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A Q&A with candidates for Georgia insurance commissioner
This is first in series of interviews with candidates for statewide office
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In the runup to November’s Midterm Election, the Bryan County News will be spotlighting several downballot elections to inform voters of traditionally less-covered races. We reached out to the candidates running for Georgia Insurance Commissioner to learn more about their positions on the issues. Janice Laws is challenging incumbent commissioner Jim Beck

Responses are below.

Georgia's car insurance rates are the 12th most expensive in the country. If elected, how would you use your office to reduce the rate Georgians pay? 

Laws: Georgia auto insurance rates have increased dramatically over the past 10 years, which has made insurance nearly cost-prohibitive for many Georgians. With the passing of Senate Bill 276 in 2008, proposed insurance rate increases go unchallenged. I believe that proposed rate increases should be required to undergo an intense evaluation process to determine if a rate increase is justifiable. I will use my office as a bully pulpit to challenge insurers and press lawmakers for changes. While I support insurers and the business community, I do not support them at the expense of consumers.

Beck:  Our next Insurance Commissioner must commit to addressing Georgia auto insurance rates, which, as alluded to in your question, have been spiraling out of control for years at the expense of consumers and of market stability.  Many, including the current Commissioner, believe that the Office of Insurance Commissioner is hamstrung from doing much about the situation by the current “file and use” provisions of Georgia law.  Although, like other candidates for this office, I believe that “file and use” should be repealed by the General Assembly, I am not willing to simply throw up my hands, promote repeal and hope the legislature takes my advice, because there are things I think the Commissioner can do under current law, which will still be in effect when the new Commissioner takes office in January.  Therefore, on Day One, I would organize and begin holding telephone town hall hearings on all proposed excessive rate increases, and if appropriate, challenge those proposals through formal hearing in the Commissioner's Office to determine whether an Order stopping the increase should be issued.  I understand that that plan goes against the grain of the last several years, but the next Commissioner should do what is in his or her power to look out for autoinsurance consumers, as well as the market.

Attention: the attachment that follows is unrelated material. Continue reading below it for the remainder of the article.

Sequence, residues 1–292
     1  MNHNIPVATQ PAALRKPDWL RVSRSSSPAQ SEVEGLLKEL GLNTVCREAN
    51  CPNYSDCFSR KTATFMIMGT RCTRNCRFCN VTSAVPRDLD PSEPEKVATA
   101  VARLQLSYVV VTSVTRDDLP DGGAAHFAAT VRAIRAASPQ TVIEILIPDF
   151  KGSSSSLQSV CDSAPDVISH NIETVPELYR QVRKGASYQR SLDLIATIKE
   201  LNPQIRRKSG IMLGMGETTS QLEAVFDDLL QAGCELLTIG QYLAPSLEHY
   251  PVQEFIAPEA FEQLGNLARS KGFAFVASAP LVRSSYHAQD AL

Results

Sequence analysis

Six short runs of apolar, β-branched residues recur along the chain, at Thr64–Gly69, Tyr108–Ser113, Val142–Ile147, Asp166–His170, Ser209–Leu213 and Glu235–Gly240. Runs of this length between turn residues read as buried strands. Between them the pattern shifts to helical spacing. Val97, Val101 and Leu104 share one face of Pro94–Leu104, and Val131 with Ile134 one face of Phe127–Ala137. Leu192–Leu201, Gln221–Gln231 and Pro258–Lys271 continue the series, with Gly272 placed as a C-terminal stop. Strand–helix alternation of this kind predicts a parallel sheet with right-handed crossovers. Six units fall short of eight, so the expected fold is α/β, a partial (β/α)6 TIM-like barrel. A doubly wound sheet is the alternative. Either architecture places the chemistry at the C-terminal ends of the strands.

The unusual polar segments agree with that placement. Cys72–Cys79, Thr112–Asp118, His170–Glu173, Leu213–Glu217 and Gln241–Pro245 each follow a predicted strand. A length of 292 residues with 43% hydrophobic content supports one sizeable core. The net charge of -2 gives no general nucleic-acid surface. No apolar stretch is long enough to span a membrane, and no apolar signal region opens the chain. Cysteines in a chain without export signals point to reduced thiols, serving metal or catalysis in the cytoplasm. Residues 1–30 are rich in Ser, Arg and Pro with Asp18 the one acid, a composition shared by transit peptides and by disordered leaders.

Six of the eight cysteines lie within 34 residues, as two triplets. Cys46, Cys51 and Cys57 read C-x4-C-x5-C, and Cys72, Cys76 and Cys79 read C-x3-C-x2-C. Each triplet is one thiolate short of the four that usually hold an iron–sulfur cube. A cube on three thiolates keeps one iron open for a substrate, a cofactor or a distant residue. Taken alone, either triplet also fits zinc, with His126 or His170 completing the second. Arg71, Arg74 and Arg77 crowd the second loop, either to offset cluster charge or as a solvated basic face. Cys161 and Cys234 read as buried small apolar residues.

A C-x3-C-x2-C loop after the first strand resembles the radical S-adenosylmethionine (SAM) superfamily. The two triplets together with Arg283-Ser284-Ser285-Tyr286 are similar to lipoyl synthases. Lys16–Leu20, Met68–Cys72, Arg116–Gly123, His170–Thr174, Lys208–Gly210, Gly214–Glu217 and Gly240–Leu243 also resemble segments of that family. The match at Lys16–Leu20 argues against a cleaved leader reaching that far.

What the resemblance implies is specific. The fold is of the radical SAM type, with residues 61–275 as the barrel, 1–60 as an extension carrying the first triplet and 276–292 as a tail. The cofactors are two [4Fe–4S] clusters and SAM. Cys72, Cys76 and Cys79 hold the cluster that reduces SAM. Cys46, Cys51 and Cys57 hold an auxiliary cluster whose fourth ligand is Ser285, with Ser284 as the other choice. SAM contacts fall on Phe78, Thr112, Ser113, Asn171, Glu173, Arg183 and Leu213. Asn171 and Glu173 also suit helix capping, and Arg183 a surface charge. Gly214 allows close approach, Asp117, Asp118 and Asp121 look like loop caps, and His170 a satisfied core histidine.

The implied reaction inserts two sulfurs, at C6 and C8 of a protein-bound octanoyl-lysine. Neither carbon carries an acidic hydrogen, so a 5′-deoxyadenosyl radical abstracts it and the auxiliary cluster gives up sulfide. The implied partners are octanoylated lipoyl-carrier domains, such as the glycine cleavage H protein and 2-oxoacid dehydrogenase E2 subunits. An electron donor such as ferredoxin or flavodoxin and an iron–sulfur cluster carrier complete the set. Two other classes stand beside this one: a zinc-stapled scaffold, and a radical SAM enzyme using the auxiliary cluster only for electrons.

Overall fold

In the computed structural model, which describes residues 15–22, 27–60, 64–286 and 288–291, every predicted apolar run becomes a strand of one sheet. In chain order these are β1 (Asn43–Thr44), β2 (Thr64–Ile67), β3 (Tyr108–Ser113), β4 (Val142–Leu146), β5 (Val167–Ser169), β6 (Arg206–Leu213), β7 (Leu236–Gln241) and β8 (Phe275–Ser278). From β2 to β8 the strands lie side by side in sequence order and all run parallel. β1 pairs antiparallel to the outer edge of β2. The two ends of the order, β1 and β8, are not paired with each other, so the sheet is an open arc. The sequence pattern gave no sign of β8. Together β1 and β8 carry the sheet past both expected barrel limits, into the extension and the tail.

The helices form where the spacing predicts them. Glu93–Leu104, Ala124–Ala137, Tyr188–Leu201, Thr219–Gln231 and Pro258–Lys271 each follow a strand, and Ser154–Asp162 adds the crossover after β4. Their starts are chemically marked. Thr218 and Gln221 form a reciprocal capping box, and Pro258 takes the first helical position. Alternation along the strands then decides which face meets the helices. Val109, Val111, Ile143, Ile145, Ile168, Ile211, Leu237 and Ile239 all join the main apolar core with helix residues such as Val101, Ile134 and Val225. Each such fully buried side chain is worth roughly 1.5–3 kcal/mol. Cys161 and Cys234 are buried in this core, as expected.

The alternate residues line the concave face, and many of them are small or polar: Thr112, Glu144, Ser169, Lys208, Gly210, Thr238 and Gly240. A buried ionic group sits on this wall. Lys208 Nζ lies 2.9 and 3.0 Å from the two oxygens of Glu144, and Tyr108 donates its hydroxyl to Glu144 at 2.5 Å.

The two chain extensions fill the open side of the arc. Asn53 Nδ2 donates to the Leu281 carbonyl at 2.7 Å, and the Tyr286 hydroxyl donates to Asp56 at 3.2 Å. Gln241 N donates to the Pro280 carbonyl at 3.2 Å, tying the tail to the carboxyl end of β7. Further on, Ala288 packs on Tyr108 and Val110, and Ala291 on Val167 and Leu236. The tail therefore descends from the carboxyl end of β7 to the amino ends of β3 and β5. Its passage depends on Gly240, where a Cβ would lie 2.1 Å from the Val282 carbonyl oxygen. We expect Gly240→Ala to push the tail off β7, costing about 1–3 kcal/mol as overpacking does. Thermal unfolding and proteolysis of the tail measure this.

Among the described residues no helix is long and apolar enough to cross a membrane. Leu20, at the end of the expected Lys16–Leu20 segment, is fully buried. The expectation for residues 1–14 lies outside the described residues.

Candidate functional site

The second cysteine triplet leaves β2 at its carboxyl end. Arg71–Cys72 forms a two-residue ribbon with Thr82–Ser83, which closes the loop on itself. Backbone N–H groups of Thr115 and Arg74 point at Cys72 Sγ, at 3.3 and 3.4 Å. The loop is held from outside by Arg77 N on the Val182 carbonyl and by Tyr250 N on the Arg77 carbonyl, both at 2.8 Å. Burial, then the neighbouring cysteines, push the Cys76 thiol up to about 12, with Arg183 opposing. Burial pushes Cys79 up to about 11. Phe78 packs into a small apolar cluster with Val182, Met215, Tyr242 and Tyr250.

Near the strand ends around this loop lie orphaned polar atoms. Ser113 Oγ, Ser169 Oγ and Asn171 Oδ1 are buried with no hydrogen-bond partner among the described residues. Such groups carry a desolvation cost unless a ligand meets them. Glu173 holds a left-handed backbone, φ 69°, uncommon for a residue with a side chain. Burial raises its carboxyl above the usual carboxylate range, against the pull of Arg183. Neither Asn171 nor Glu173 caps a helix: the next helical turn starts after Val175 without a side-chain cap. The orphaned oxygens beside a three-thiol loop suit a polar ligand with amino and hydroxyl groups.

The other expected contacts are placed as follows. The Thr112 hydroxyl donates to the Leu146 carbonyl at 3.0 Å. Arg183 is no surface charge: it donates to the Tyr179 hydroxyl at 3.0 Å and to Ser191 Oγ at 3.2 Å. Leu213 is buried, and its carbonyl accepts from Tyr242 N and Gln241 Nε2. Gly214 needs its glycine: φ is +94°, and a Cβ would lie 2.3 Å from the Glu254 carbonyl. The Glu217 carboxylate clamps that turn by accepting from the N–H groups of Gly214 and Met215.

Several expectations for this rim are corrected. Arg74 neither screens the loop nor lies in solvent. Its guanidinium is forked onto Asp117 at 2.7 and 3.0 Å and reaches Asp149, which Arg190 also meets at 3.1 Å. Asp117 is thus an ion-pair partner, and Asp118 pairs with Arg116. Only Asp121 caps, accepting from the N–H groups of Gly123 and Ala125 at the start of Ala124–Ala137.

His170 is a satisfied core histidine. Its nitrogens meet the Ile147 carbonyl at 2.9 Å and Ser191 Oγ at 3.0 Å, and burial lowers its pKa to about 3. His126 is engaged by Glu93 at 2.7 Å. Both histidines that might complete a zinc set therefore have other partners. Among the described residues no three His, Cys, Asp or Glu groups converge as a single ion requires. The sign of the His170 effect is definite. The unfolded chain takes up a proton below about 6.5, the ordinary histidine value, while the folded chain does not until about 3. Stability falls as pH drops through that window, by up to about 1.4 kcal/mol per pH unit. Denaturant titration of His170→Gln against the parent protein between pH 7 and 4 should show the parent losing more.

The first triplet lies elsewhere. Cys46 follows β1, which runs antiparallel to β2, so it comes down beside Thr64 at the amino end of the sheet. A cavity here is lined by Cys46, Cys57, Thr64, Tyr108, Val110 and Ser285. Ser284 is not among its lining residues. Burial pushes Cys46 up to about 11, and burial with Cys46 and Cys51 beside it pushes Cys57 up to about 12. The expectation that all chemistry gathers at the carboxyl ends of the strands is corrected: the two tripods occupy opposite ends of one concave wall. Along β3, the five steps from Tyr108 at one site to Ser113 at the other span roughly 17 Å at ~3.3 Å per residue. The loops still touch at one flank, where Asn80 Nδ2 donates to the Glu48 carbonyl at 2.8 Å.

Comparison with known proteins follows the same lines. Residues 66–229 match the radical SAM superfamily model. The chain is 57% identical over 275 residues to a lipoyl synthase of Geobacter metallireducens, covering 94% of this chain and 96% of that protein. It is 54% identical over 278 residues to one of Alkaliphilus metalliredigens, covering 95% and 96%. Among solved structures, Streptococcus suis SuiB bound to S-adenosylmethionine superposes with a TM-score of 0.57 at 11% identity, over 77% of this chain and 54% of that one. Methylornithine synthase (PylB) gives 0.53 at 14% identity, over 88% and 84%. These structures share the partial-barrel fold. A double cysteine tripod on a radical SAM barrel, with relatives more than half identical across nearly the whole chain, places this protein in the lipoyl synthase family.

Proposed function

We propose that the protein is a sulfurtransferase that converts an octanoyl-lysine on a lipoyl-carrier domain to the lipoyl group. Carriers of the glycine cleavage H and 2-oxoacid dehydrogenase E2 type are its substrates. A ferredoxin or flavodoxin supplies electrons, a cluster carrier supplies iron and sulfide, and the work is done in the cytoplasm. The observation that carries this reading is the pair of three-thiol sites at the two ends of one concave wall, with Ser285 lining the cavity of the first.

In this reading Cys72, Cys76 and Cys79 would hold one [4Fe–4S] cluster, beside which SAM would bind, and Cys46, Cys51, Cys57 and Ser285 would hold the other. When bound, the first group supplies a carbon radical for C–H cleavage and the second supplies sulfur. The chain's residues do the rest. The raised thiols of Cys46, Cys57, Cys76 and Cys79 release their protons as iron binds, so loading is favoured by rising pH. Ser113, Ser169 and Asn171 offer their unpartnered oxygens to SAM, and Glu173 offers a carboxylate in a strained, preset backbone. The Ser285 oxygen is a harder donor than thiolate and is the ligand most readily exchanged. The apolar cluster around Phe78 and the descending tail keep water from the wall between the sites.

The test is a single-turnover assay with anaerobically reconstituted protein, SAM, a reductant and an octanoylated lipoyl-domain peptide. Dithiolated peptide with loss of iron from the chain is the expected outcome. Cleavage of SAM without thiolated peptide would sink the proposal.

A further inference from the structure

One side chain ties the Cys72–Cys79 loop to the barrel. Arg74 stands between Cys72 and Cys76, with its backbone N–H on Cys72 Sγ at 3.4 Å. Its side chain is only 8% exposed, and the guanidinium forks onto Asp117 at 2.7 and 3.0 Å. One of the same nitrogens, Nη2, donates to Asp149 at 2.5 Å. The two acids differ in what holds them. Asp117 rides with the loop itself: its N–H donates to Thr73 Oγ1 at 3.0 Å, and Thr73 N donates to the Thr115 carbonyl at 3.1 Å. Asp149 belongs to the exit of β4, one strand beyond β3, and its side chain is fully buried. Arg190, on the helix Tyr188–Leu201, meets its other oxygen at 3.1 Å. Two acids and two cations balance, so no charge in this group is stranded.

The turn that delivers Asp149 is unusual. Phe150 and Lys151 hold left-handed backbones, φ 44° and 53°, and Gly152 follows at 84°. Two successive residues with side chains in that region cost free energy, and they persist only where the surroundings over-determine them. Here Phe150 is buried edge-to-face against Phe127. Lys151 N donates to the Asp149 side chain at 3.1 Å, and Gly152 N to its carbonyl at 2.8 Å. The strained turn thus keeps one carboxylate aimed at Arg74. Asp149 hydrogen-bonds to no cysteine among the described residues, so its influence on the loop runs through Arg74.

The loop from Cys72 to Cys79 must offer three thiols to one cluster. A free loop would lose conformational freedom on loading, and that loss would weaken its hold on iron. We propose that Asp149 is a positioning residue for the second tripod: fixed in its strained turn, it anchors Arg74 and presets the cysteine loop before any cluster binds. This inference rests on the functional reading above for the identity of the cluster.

The Legislation passed several bills concerning insurance in 2018. If elected, which insurance aspects would you ask them to prioritize in the next session?

Laws: I would like to see bills prioritized that focus on creating a healthier Georgia through affordable, quality healthcare. Georgians have suffered tremendously as a result of the state’s refusal to expand Medicaid. We deserve quality healthcare and I will fight vigorously to put a health insurance card in the pocket of every Georgian.

Beck: As I mentioned above, even though I believe the Commissioner's hands are not completely tied under current law, I would ask the General Assembly to repeal the "file-and-use"  provisions of current Georgia law, so as to clarify and solidify the Commissioner's authority to determine whether an auto rate increase proposal is "excessive" and to take appropriate action, even if there is more than one competitive automobile insurer in the local market.

With wildfires increasing nationally, what initiatives would your office undertake to prevent such destructive fires in Georgia?

Laws: My office will focus on both prevention and wildfire suppression efforts. We will advocate for legislation that can deliver resources to local fire departments across the state in an effort to help educate communities about fire prevention. My office will ensure that our local fire departments have the equipment, resources and training to effectively fight wildfires. In addition we will launch a resource sharing collaborative network that will help local fire departments coordinate on emergency wildfires that require a comprehensive effort.

Beck: Many people are unaware that by Georgia law, one of the titles of the State Insurance Commissioner is Safety Fire Commissioner.  In fact, the State Fire Marshal's Office is currently within the Insurance and Safety Fire Commissioner's purview,  Historically, the State Fire Marshal has taken a role in increasing public awareness of fire safety and prevention generally through educational programs, especially in our public schools, and I would explore expanding on those programs to include more emphasis on wildfire or woods fire prevention, in addition to the more common material on household fire safety and on general fire prevention.  Of course, many of the wildfires we hear about on the evening news are on State- or Federally-controlled land, such as state or national parks, forests or preserves, which tend to be under the jurisdiction of such entities as the U. S. Forest Service or Department of the Interior, National Park Service, or the Georgia Forestry Commission.  However, in addition to the immediate danger to life and property, any large fire of this kind can have significant health consequences to surrounding populations from smoke and other factors. So, as Safety Fire Commissioner, I would be willing to cooperate with other government entities and educational groups to do even more to help prevent these dangerous -- and all too common -- fires.

Learn more about Janice Laws at

Learn more about Jim Beck at


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